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Research - 08.04.2019 klo 09.58

Digital platforms play an increasingly important role in finding, providing and organising work

Photo: Lehtikuva/Otto Steininger.

A recent study on the extent of platform employment shows that Finns are actively participating in the burgeoning internet economy. PAM proposes that legislation should be specified to protect the rights of employees.

Released last week, the report Digital Footprint: The Platformisation of Work in Europe - Factsheet for Finland discusses the role and use of digital technologies in the world of work.

In the survey conducted for the study, 8.2% of Finnish respondents said they do platform-based work through gig platforms such as Upwork, Uber and Freska at least once a week. A further 9.5% said they found work through digital platforms at least once a month. The respondents featured approximately 2,000 Finns aged between 18 and 65.

The study carried out by the University of Hertfordshire and Ipsos MORI, used the term “platform work” to refer to paid tasks found via a website or application accessed via a laptop, smartphone or other internet-connected device. Finnish examples in the service industry include the food delivery services Foodora and Wolt as well as Freska, which offers housekeeping services.

The report indicates that for Finns, work through digital platforms and applications is primarily done to provide additional income or to supplement other sources of income. Finns in all age groups seek and find work through many different applications in the platform economy and there were no significant geographical differences between users. Traditional job websites, such as Oikotie or Monster were not included in platform work. Similarly, the study excluded renting an apartment through Airbnb or selling goods online.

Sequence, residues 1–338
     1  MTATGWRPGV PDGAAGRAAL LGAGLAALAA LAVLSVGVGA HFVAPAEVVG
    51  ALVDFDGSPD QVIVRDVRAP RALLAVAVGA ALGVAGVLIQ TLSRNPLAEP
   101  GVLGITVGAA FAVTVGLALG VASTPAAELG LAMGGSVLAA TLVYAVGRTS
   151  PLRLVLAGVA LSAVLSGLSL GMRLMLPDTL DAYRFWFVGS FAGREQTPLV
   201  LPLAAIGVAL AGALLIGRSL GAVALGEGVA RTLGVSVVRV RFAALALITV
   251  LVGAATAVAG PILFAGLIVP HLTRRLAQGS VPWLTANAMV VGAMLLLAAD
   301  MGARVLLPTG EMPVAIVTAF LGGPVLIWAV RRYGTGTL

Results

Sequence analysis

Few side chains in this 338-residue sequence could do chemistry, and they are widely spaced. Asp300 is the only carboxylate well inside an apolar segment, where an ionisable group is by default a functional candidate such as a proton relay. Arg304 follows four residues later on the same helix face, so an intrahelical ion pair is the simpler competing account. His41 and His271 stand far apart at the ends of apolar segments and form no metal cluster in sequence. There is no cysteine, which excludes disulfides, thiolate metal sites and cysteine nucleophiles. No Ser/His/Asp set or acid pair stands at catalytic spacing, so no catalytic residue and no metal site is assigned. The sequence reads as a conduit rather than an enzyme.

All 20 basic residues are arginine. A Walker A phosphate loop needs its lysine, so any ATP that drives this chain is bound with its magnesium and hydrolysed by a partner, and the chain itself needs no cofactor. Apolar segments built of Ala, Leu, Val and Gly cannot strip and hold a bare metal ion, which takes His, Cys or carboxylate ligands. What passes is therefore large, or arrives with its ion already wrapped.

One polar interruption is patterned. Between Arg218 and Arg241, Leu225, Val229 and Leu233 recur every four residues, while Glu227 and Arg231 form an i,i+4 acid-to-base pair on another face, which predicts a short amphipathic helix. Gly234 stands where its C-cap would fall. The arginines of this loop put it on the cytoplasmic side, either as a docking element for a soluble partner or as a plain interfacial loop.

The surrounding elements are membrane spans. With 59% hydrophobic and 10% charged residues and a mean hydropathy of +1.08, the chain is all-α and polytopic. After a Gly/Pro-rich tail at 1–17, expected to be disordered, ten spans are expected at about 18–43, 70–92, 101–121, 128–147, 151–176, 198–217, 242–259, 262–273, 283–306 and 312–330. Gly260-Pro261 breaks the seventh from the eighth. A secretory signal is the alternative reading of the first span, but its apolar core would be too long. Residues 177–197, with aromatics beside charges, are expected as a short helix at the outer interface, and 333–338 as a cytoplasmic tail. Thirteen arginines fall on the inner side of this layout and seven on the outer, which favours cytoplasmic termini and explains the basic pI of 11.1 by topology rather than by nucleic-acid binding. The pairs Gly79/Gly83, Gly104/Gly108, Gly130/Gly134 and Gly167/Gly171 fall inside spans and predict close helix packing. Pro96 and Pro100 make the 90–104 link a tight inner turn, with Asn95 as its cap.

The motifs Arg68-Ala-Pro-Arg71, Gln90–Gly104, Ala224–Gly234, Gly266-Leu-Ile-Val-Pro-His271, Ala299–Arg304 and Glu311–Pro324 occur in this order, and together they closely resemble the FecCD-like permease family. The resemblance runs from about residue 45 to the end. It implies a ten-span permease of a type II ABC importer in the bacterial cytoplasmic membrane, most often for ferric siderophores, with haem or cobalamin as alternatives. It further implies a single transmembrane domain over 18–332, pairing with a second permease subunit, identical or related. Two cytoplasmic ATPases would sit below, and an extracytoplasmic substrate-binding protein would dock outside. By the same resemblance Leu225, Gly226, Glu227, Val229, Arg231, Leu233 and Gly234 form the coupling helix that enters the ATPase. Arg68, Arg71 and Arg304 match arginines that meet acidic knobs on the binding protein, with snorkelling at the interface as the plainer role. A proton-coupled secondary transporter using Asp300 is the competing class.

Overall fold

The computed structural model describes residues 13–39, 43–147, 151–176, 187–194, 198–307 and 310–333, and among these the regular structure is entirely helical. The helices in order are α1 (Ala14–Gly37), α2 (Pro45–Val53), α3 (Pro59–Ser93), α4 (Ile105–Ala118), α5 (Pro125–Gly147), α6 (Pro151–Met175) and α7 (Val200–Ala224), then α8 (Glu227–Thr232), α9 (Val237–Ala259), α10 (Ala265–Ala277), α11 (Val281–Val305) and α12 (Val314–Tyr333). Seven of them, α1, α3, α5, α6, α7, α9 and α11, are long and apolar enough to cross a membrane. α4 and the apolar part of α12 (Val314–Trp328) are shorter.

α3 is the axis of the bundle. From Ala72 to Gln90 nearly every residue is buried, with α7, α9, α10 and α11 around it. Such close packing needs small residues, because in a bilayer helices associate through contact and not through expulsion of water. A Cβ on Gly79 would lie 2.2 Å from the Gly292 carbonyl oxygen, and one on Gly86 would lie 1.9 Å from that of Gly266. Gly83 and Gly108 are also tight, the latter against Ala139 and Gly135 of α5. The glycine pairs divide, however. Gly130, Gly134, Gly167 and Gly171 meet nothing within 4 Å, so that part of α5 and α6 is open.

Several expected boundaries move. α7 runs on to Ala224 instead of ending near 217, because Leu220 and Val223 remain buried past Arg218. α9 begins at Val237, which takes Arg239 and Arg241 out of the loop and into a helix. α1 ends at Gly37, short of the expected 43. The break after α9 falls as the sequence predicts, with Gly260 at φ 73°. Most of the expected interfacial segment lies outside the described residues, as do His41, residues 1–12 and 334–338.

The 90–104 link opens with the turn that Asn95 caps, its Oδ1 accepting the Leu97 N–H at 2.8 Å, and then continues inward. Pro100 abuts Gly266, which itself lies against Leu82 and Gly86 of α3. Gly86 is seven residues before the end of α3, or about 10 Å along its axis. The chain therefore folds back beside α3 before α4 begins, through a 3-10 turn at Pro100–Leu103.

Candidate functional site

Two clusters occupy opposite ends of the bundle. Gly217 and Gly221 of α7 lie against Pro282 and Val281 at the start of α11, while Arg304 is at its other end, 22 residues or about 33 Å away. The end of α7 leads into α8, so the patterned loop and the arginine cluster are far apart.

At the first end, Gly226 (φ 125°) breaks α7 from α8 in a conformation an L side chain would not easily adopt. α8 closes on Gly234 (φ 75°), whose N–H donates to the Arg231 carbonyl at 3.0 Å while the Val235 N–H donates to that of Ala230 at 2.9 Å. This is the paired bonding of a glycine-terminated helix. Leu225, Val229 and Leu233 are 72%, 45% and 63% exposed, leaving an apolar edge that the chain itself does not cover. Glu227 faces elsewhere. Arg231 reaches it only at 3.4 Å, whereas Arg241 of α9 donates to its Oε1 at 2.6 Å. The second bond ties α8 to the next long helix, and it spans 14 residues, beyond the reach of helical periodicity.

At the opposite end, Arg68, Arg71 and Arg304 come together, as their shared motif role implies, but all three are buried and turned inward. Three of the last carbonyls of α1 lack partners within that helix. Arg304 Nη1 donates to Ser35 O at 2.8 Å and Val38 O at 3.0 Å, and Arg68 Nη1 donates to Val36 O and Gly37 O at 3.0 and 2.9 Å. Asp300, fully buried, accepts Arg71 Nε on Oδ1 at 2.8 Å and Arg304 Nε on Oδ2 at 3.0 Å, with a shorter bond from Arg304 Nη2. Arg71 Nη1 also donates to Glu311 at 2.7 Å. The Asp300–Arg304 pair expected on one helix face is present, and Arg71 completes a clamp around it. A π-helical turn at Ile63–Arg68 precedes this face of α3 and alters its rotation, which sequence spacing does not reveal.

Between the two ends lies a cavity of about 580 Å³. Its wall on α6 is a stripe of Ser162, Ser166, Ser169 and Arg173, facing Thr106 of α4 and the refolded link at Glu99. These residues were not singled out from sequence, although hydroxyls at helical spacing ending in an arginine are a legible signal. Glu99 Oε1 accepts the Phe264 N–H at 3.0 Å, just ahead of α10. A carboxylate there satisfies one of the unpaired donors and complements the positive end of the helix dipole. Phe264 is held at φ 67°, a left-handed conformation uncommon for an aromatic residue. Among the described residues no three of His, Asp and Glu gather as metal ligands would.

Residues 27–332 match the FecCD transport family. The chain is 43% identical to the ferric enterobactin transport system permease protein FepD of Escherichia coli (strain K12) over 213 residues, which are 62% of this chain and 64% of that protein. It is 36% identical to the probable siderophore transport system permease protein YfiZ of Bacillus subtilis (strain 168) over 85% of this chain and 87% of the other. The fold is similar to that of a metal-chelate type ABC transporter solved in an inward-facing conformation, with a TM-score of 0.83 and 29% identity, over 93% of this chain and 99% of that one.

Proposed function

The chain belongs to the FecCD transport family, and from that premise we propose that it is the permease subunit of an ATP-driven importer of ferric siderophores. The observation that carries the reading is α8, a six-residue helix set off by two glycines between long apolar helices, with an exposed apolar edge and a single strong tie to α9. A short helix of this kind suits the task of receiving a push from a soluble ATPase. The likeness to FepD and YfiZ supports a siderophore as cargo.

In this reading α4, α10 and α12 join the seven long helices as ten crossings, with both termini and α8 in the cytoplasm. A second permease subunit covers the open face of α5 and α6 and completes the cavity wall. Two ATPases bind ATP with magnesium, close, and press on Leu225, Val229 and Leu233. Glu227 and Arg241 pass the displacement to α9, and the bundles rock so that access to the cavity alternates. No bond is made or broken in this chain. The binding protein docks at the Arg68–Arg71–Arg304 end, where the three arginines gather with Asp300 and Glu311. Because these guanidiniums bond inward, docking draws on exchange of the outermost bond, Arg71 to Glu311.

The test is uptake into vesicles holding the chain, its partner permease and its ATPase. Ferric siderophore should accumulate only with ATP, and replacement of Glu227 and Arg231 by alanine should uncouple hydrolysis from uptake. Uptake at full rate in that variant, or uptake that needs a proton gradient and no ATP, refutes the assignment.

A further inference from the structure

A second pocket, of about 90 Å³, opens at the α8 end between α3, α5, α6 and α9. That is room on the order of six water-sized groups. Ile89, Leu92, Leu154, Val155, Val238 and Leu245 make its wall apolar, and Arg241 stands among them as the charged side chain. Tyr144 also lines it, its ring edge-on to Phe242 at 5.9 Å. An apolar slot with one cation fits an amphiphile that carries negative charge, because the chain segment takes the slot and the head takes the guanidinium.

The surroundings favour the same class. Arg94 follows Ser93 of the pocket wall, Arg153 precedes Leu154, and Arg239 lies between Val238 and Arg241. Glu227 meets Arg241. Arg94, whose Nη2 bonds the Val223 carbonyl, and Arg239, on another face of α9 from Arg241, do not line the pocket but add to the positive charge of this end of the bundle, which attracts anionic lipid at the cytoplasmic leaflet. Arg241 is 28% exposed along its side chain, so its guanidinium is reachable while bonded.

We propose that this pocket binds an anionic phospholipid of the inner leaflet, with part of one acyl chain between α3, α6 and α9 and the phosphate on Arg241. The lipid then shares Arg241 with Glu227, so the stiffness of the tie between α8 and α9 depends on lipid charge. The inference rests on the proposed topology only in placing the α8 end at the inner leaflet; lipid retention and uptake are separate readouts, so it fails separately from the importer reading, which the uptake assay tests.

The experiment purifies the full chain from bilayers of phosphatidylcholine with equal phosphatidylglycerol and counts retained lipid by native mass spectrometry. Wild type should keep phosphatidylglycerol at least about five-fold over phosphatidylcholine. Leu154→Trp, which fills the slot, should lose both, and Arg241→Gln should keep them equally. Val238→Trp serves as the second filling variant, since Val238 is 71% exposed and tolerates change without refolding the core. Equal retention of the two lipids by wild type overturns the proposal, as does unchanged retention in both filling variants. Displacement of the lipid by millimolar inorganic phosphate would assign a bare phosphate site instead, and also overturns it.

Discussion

“The study shows that platform work has spread throughout Finland in many different forms. This challenges the traditional employment contract and changes the power relations between the parties of the contract, boosting the employer at the cost of the employee,” says Jaana Ylitalo, collective bargaining director at PAM.

More research on the platform economy is needed

Defining the concept of the platform economy is crucial to discuss these issues. This is surprisingly difficult, as the phenomenon encompasses different forms of employment, from administrative work done from home to mobile service duties. The recent report suggests that platform work is more widespread than indicated by a previous study by Statistics Finland, which describes it as a minor phenomenon. Maija Mattila, who wrote the report and works as project researcher at the Kalevi Sorsa Foundation, believes these differences stem from the different understandings of what the platform economy or platform work mean in each study. Thus far, there has been little Finnish research into platform-based work.

Concern over platform workers

PAM’s opinion is that work done or provided via digital platforms can offer flexible employment opportunities, but it can also generate insecurity in terms of the rights and legal status of those doing the work.

“Some of the platforms are reluctant to conclude formal employment contracts and claim that the work does not constitute an employer-employee relationship,” says Jaana Ylitalo.

“Current legislation already recognises workers in the platform economy as being in an employer-employee relationship. However, as the companies are actively trying to evade this definition, the matter should be made more specific in the legal text. PAM proposes that a presumption of an employer-employee relationship be incorporated into Finnish legislation,” says Ylitalo.

Digital Footprint: The Platformisation of Work in Europe – Factsheet for Finland

  • The study was commissioned by the Foundation for European Progressive Studies think tank, together with the Kalevi Sorsa Foundation, UNI Europa and Service Union United PAM.
  • It was carried out by the University of Hertfordshire (UK) and Ipsos MORI.
  • Approximately 2,000 Finns between the ages of 18 and 65 replied to the survey in December 2018.

Read the full report: Digital footprint: The platformisation of work in Europe